The first PHP-FIG PSR, now retired, was called PSR-0 and recommended a folder structure to accompany your namespaces. That was retired a few years ago, and a standard called PSR-4 replaced it. You’ll sometimes in a search or conversation hear references to either of these, and they are similar-enough that you can treat them the same.

Essentially, the PSR-4 standard specifies that you’ll match the capitalization of namespaces and subnamespaces, and that they’ll map to directories. When I examined it I was actually a little surprised at how un-prescriptive the standard is. As long as your path is consistent, and you define a “base directory” for your namespace, it just requires that your file name ends in .php and has a letter case match to the file inside.

Writing a Class in a Namespace

So to comply with PSR-4, you’ll generally see a code whose “fully qualified class name” is something like \Symfony\Component\HttpFoundation\Request at a location like ./vendor/Symfony/Component/HttpFoundation/Request.php. And you’ll expect (and find) at the top of that file (approximately the following):

<?php

namespace Symfony\Component\HttpFoundation;

// skip use statements, more on those later
 
class Request
{
    // body of class
}

And with that set-up, you’ll be writing the class. Writing classes inside namespaces is pretty much like normal. The only big difference you’ll want to be aware of is that referring to code from outside of your namespace generally takes one more character, a backslash. (More on that at “How to Work with Code from Other Namespaces.”)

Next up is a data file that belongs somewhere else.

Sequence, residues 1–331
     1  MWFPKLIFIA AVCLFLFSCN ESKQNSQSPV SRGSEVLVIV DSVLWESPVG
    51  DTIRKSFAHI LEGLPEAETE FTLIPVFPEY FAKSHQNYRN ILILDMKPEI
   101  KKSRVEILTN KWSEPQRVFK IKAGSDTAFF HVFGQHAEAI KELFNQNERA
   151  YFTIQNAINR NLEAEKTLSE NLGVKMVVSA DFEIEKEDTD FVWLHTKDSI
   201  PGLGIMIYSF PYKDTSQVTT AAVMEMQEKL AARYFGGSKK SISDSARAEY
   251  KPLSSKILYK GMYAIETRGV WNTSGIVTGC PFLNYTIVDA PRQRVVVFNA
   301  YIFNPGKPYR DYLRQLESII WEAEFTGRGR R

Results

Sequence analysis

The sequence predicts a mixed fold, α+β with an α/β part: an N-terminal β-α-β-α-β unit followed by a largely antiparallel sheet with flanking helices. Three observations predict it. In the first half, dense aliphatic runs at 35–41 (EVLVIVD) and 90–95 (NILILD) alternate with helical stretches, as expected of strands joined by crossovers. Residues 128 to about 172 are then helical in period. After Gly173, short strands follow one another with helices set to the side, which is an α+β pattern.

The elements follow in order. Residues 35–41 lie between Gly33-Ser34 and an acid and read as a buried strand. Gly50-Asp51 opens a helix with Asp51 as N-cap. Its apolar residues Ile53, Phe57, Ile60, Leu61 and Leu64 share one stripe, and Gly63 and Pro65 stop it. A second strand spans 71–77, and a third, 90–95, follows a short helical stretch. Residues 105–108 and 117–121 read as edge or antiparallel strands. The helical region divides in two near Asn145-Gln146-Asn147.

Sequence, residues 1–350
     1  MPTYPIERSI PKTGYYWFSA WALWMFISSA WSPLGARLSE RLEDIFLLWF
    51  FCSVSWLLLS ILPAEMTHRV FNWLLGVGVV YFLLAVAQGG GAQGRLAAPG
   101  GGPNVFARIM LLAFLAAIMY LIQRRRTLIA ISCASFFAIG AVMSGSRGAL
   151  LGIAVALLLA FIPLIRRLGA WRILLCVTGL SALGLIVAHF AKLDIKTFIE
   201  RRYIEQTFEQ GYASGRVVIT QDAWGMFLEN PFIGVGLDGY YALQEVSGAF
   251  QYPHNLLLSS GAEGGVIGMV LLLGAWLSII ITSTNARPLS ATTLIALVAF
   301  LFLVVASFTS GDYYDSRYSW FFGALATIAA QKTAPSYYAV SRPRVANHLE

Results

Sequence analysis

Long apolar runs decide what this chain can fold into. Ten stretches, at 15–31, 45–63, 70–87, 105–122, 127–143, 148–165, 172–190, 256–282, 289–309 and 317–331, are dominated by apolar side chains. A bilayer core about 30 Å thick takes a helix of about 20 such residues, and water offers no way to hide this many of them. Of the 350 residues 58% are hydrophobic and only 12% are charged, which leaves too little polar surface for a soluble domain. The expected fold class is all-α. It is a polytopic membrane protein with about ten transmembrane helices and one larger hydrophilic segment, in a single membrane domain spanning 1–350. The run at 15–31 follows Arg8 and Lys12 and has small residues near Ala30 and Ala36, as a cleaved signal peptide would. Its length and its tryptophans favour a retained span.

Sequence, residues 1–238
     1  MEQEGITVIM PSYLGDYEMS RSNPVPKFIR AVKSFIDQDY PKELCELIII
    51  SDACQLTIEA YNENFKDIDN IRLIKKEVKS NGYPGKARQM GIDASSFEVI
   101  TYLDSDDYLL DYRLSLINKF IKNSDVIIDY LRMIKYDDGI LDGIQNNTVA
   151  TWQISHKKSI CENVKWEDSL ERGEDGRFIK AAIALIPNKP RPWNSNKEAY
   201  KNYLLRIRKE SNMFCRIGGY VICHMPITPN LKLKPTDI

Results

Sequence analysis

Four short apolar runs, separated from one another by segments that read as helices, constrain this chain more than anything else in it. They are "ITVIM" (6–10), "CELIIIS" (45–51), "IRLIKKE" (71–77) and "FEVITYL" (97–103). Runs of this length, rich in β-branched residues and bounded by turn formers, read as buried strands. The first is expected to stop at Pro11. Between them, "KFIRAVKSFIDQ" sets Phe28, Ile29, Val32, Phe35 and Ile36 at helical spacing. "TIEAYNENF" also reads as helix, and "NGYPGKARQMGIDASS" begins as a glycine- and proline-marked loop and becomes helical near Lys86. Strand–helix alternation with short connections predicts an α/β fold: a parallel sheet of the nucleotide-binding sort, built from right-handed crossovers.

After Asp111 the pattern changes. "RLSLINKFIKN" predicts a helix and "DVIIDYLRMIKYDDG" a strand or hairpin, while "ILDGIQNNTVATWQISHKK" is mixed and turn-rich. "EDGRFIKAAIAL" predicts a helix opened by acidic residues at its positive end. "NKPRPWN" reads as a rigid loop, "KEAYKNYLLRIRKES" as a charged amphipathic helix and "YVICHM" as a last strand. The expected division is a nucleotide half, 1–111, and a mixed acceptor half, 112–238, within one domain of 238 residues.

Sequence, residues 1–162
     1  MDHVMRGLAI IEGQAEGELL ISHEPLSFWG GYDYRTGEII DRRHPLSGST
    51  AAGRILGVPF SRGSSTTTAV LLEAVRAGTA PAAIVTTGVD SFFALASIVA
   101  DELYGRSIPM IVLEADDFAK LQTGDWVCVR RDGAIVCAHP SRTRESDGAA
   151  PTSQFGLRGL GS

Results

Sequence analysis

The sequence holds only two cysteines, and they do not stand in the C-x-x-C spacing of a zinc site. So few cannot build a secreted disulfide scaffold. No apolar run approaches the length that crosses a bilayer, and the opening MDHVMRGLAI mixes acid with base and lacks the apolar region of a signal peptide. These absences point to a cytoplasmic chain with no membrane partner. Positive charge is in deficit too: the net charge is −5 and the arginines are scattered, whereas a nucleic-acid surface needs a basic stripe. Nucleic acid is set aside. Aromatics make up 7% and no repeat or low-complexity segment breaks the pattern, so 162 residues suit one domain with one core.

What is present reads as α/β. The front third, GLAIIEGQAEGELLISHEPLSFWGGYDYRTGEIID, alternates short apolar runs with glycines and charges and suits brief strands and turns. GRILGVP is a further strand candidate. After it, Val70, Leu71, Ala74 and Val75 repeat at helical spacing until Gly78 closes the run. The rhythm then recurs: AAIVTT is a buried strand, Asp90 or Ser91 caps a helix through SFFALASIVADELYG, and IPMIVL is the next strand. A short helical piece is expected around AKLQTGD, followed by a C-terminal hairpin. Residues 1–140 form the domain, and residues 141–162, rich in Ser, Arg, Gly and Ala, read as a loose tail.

Functions and Constants Can Also Be in Namespaces

Similar to classes, the logic of writing constants and function inside namespaces in PHP is the same. Code would look like this:

<?php

namespace DBH\Helpers;

function convert_to_kelvin() {}
const MYCONST = 1;

The one extra wrinkle about functions and constants is that on PHP below 5.6, you can’t use the use statements we’ll describe below. This isn’t true for PHP 7, or even 5.6, but again if you’re in a WordPress-like world of wide compatibility it matters. More details on the wrinkle can be found on PHP.net.

How to Work with Code From Other Namespaces

I mentioned this already, but from within a namespace, you must always refer to other classes, constants, functions, etc with their “fully qualified names.” In PHP, these “fully qualified” names will always start with a leading backslash.

So if code from your personal namespace wants to refer to the Symfony Request class from above (say inside of a class method), you’ll refer to it as \Symfony\Component\HttpFoundation\Request. If you weren’t inside of any namespace, then Symfony\Component\HttpFoundation\Request would have worked.